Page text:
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Amplification, Retweeting, and the Loss of Source

Jos Schuurmans usefully coins “Amplification is the new circulation”

Jos Schuurmans usefully coins “Amplification is the new circulation.” And then he usefully worries about how to handle the fact that with each amplification, the link to the source becomes more tenuous.

The problem is that the amplification metaphor only captures part of the phenomenon. Yes, a post from a low-traffic site that gets re-broadcast by a big honking site has had its signal amplified. But the amplification happens by being passed through more hands, with each transfer potentially introducing noise, as in the archetypical game of “telephone” or “gossip.” On the other hand, because this is not mere signal-passing, each transfer can also introduce more meaning; the signal/noise framing doesn’t actually work very well here.

Retweeting is a good example and a possibly better metaphor: Noise gets introduced as people drop words and paraphrase the original, and as the context loses meaning because the original tweeter is now a dozen links away. But, as people pare down the original tweet, the signal may get stronger, and as they add their own take and introduce it into their own context, the original tweet can gain meaning.

But, Jos is particularly worried about the loss of source. As the original idea gets handed around, the link to its source may well break or be dropped. “TMZ says Brittany Murphy dead http://bit.ly/6biEQg” becomes “TMZ says Brittany Murphy is dead” becomes “Brittany Murphy dead!!!!!!!!!” and then maybe even “Brittany dead!!!,” and “Britney Spears is dead!!!” Sources almost inevitably will be dropped as messages are passed because we are passing the message for what it says, not because of the metadata about its authenticity.

So, what do we do? I have a three part plan.

Part one: Continue to innovate. For example, there’s probably already some service that is following the tracks of retweets, so that if you want to see where a RT began, you can. Of course, any such service will be imperfect. But the all of the Internet’s strengths come from its imperfection.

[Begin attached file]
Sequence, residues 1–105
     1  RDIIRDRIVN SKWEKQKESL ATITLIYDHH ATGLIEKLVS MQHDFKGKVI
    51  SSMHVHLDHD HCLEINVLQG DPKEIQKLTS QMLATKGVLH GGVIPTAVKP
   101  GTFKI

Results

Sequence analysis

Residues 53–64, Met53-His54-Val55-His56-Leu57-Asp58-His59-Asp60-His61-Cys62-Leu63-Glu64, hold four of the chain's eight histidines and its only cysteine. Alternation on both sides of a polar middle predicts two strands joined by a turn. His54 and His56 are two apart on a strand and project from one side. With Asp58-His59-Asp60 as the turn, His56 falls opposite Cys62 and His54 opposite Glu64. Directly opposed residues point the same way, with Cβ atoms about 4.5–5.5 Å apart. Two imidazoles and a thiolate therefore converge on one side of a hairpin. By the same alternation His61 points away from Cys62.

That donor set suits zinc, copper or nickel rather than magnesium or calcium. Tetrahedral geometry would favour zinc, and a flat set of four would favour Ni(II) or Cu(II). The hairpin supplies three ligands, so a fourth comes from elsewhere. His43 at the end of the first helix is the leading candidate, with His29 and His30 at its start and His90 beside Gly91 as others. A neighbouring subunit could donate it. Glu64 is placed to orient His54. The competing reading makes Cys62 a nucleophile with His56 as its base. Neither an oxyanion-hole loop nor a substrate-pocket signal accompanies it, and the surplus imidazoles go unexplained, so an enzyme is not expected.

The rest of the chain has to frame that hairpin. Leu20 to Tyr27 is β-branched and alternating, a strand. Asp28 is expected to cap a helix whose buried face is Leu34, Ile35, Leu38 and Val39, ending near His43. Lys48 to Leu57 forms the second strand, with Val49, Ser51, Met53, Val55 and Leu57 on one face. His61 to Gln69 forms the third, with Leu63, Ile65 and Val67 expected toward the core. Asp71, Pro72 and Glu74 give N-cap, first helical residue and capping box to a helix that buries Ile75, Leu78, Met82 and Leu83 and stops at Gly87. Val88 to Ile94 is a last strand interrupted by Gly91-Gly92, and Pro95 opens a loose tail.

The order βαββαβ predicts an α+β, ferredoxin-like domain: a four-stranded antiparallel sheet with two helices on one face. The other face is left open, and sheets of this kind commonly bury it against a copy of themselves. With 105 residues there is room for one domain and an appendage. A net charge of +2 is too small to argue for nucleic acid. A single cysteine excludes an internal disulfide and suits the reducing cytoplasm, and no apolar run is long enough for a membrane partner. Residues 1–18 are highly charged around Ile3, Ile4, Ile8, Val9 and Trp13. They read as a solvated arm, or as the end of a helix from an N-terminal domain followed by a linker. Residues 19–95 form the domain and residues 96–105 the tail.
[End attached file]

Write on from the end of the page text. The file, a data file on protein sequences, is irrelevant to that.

Part Two: Try to be responsible. When it matters, include the source. This will also be a highly imperfect solution.

Part Three: Cheer up. Yes, it sucks that amplification results in source loss. But, it’s way better than it was before the Internet when all sorts of bullcrap was passed around without any practical way of checking it out. The Net amplifies bullcrap but also makes it incredibly easy to check it out, whether it’s a computer virus warning passed along by your sweet elderly aunt or a rumor about the spread of a real virus. Also, see Part Two: Try to be responsible. Check out rumors before committing to them. When amplifying, reintroduce lost sources.

As Jos says, amplification is the new circulation. And the new circulation tends towards source loss. It also increases both noise and meaning. And it occurs in a system with astounding tools — e.g., your favorite search engine — for the reinsertion of source.

Is it better or worse? Yes, definitely.

More Stories By David Weinberger

David is the author of JOHO the blog (www.hyperorg.com/blogger). He is an independent marketing consultant and a frequent speaker at various conferences. "All I can promise is that I will be honest with you and never write something I don't believe in because someone is paying me as part of a relationship you don't know about. Put differently: All I'll hide are the irrelevancies."

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